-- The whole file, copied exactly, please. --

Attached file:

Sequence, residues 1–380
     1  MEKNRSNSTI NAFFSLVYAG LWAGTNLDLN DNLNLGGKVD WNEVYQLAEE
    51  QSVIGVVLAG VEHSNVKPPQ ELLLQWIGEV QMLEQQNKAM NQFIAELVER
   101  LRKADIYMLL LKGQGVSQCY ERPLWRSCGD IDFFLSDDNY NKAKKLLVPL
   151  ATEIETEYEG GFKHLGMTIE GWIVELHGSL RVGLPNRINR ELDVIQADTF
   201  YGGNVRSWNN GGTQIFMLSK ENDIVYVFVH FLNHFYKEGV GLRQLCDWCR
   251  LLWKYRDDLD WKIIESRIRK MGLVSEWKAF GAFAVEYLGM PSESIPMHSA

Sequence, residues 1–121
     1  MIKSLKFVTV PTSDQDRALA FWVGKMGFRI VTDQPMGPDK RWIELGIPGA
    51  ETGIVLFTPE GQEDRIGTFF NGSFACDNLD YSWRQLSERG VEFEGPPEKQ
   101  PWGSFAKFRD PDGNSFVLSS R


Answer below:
Sequence, residues 1–380
     1  MEKNRSNSTI NAFFSLVYAG LWAGTNLDLN DNLNLGGKVD WNEVYQLAEE
    51  QSVIGVVLAG VEHSNVKPPQ ELLLQWIGEV QMLEQQNKAM NQFIAELVER
   101  LRKADIYMLL LKGQGVSQCY ERPLWRSCGD IDFFLSDDNY NKAKKLLVPL
   151  ATEIETEYEG GFKHLGMTIE GWIVELHGSL RVGLPNRINR ELDVIQADTF
   201  YGGNVRSWNN GGTQIFMLSK ENDIVYVFVH FLNHFYKEGV GLRQLCDWCR
   251  LLWKYRDDLD WKIIESRIRK MGLVSEWKAF GAFAVEYLGM PSESIPMHSA

Sequence, residues 1–121
     1  MIKSLKFVTV PTSDQDRALA FWVGKMGFRI VTDQPMGPDK RWIELGIPGA
    51  ETGIVLFTPE GQEDRIGTFF NGSFACDNLD YSWRQLSERG VEFEGPPEKQ
   101  PWGSFAKFRD PDGNSFVLSS R